Later, to Jake: “You know a man and woman can be friends on equal basis. Platonic they call it. But once a woman steps out of line and humiliates a man he’s got to wipe out the insult or he can’t hold up his head again in the world. You won’t know it for years and years yet, but this is a man’s world.”
To a degree this is all part of the road to Andy’s comeuppance in Out West with the Hardys. Jake will echo some of Andy’s sentiments about men folk and women folk later in the film but Andy, by this time reformed, does say “Well, I ain’t so sure you’re right.”
But before that mellower Andy is revealed the Judge manages to give him a real dressing down during their latest man-to-man.
Judge Hardy decides to teach his son his a lesson and so offers just enough rope for Andy to hang himself with in hopes that he’ll wind up “a little boy running home to his mother.” Andy, excited by prospects of freedom, hasn’t lost his swollen head quite yet: “Well, the day I come running home I’ll have two brass bands in back of me and a million dollars in my pocket.”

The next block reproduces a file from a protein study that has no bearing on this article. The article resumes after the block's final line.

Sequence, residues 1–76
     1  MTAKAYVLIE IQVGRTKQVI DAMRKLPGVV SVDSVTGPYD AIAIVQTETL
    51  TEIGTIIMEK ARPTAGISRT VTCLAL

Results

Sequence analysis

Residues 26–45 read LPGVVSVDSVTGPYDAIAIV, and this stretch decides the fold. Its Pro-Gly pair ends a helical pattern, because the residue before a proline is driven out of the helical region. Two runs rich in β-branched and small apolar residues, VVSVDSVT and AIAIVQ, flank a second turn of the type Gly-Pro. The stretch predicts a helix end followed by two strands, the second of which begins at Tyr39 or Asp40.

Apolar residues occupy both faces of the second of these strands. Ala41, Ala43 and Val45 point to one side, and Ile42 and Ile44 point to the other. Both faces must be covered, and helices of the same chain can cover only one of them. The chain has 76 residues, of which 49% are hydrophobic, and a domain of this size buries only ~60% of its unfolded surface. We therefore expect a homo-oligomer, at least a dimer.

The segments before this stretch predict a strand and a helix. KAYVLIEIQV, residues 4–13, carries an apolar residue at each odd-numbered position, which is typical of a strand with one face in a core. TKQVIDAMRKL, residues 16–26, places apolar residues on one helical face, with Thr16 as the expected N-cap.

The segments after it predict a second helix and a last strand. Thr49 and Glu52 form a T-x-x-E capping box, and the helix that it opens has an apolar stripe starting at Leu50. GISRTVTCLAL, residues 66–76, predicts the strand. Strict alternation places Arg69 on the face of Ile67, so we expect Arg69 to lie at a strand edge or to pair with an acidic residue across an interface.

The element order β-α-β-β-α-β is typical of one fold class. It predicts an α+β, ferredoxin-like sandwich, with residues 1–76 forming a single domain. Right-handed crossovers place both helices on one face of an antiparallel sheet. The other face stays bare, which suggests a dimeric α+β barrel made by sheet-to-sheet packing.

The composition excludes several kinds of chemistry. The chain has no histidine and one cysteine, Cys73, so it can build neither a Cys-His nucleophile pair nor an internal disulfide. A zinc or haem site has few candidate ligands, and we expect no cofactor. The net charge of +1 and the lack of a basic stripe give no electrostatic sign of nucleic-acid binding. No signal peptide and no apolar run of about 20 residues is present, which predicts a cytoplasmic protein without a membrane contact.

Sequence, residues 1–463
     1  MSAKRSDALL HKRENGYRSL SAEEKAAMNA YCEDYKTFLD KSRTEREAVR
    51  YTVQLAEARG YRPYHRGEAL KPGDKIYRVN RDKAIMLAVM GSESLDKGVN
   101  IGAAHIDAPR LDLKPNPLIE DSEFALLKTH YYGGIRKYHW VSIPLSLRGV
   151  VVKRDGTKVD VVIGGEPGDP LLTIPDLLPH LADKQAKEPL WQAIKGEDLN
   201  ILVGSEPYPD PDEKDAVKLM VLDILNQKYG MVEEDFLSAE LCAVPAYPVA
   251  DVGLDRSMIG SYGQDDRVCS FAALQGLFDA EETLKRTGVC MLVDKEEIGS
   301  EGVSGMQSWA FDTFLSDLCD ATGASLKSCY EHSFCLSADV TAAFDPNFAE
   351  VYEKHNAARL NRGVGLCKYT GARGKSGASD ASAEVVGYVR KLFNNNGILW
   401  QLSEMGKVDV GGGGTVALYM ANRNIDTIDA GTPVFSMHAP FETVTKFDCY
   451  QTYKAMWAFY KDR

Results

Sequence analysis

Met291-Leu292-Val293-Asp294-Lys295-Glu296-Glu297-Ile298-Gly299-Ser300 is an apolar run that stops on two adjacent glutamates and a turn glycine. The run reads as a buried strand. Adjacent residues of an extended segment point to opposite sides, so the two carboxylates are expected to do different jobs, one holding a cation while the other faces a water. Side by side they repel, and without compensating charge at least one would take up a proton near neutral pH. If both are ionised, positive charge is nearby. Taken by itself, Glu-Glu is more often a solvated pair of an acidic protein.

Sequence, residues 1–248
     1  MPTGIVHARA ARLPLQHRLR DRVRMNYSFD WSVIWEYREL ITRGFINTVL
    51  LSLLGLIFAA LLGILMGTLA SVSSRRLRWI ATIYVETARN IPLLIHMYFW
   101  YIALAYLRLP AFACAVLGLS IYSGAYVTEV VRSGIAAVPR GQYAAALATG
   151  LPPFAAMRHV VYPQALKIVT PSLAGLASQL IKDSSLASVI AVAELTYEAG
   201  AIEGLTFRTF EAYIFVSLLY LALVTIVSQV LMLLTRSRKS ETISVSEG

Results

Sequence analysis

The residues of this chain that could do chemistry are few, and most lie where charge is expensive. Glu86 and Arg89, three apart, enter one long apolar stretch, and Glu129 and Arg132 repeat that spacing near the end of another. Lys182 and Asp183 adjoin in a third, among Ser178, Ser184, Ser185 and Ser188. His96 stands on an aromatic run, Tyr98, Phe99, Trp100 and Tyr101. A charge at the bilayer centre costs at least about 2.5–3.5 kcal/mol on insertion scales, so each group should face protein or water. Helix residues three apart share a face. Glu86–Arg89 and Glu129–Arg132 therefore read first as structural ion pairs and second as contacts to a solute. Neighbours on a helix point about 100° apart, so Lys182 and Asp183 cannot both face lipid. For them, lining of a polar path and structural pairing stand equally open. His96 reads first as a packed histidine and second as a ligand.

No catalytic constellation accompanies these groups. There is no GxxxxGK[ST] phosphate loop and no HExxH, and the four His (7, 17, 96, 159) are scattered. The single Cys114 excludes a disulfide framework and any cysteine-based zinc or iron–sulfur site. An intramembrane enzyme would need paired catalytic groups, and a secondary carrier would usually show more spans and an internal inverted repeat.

Then Andy adds this gem on top: “Oh boy, Dad, now I know how the slaves felt when Lincoln signed the Emancipation Proclamation.”
Oh boy, Andy, indeed!
A few moments later, after the Judge and Milly have one of their special talks, a phone call from Jake’s Dad comes through for the Judge.
Judge Hardy seems mighty perturbed as he tries to get a grasp on what Holt is trying to tell him, finally repeating into the phone, “Now, wait a minute, let me get this straight: Is it all right for Andy to borrow your six-shooter tomorrow to kill rattlesnakes?”